Legitimate companies in fact do unsubscribe as promised and we have often used such unsubscribe links with legitimate companies with good results.
These are companies whose emails to the user "make sense" because the user did business with them, e.g., bought something from them or corresponded with them.
Illegitimate companies use the unsubscribe information to confirm your address is valid. Since it is hard to know who is a criminal, if in doubt, not unsubscribe.
What if I have more questions about the Berkeley Lab anti-spam solution, which is supplied by IronPort?
You can visit IronPort 's website, http://www.ironport.com/. If your question is related to how the service works at the Lab, please contact the Help Desk at: firstname.lastname@example.org, 510-486-HELP, or http://help.lbl.gov/.
What other information on spam protection is available?
- Resources for fighting spam
- Information about worms that forge email
- "4-1-9" or "Advance Fee Fraud" schemes
- How to Stop Pop-up Spam in Windows Systems
- Where can I find registration services to remove my email address from various lists used by "spammers?"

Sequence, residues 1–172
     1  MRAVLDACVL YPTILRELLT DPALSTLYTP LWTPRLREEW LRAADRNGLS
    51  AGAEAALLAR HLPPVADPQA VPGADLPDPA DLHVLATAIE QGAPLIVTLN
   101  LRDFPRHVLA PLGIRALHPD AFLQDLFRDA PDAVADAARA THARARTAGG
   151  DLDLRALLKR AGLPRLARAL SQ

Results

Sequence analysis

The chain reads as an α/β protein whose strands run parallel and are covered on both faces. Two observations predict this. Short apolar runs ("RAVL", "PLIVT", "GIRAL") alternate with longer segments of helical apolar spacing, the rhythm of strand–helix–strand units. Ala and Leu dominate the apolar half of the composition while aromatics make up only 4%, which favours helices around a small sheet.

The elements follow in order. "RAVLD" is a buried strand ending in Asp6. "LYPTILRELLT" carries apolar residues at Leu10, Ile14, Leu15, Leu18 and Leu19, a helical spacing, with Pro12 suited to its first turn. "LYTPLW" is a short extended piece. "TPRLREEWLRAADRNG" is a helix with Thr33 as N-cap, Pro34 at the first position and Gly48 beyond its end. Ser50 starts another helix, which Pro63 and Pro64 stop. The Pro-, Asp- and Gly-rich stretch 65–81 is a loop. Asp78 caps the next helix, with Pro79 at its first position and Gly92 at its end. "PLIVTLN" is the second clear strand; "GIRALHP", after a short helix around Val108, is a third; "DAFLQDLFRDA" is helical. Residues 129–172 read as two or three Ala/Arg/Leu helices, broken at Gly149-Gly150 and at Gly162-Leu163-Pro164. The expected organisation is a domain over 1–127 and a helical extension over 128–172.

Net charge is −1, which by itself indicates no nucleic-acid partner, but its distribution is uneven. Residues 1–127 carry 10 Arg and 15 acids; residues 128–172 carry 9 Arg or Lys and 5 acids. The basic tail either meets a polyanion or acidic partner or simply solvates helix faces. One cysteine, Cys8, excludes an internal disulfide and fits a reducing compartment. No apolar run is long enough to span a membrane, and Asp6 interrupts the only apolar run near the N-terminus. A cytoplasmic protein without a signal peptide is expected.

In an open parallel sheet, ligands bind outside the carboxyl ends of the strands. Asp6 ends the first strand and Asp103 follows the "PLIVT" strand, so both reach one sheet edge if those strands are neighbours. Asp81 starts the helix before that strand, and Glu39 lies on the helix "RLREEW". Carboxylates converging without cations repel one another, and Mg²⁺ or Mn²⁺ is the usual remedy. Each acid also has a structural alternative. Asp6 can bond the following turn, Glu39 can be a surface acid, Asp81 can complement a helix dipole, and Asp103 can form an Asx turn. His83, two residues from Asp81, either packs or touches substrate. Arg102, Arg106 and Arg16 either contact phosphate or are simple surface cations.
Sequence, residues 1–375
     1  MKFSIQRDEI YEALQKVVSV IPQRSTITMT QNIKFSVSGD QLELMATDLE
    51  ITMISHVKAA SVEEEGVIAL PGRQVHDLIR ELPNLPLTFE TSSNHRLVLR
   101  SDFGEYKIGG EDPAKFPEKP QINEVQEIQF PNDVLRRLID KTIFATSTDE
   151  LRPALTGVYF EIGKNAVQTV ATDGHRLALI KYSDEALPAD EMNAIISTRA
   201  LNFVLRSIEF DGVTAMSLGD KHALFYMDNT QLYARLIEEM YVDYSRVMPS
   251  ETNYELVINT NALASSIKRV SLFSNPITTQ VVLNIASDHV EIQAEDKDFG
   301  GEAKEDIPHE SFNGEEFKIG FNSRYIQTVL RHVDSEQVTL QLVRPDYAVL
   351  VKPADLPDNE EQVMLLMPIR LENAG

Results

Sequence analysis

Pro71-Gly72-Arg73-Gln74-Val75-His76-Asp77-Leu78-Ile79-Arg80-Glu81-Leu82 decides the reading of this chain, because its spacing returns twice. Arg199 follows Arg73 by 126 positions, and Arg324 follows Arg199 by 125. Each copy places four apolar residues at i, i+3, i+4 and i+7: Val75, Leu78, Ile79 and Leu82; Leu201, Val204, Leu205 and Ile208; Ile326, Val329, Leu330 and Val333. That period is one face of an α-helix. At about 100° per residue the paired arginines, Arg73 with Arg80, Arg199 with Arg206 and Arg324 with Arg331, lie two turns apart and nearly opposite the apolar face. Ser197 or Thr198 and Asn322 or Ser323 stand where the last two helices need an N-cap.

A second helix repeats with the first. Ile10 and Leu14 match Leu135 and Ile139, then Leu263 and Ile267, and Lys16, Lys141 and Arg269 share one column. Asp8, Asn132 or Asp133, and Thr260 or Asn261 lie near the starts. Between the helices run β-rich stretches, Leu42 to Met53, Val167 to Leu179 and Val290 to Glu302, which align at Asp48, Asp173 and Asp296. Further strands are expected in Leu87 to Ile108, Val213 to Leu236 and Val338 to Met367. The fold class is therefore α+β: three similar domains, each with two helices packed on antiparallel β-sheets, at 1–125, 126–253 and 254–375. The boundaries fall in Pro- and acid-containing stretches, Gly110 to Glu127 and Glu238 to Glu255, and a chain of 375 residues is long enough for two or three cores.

How often do the Lab's servers get spam ID database updates?
The Lab's central email servers get spam ID database updates several times an hour.
sendmail anti-spam rules
The lab maintains a small set of server-side filters to block long-term, high volume abusers of our system.
Third Party Relay
A major contributing factor to the spam problem is the ability for spammers to relay their e-mail through third party servers, making it difficult to track it back to the originator. This is called "third-party relay."
For more information on why we need to block this kind of relaying, see this webpage entitled "What is Third-Party Mail Relay?"
Therefore, the Lab does not permit "third-party relay." Mail that comes into our server from outside the Lab that is also addressed only to addresses outside the Lab is rejected.|
Sender Address Checking
A hallmark of spam is that the sender address (the "From:" address) is often not valid, since spammers generally don't want you to be able to respond to the message. So, the sender address on all messages is now checked to make sure it at least refers to a real computer on the Internet.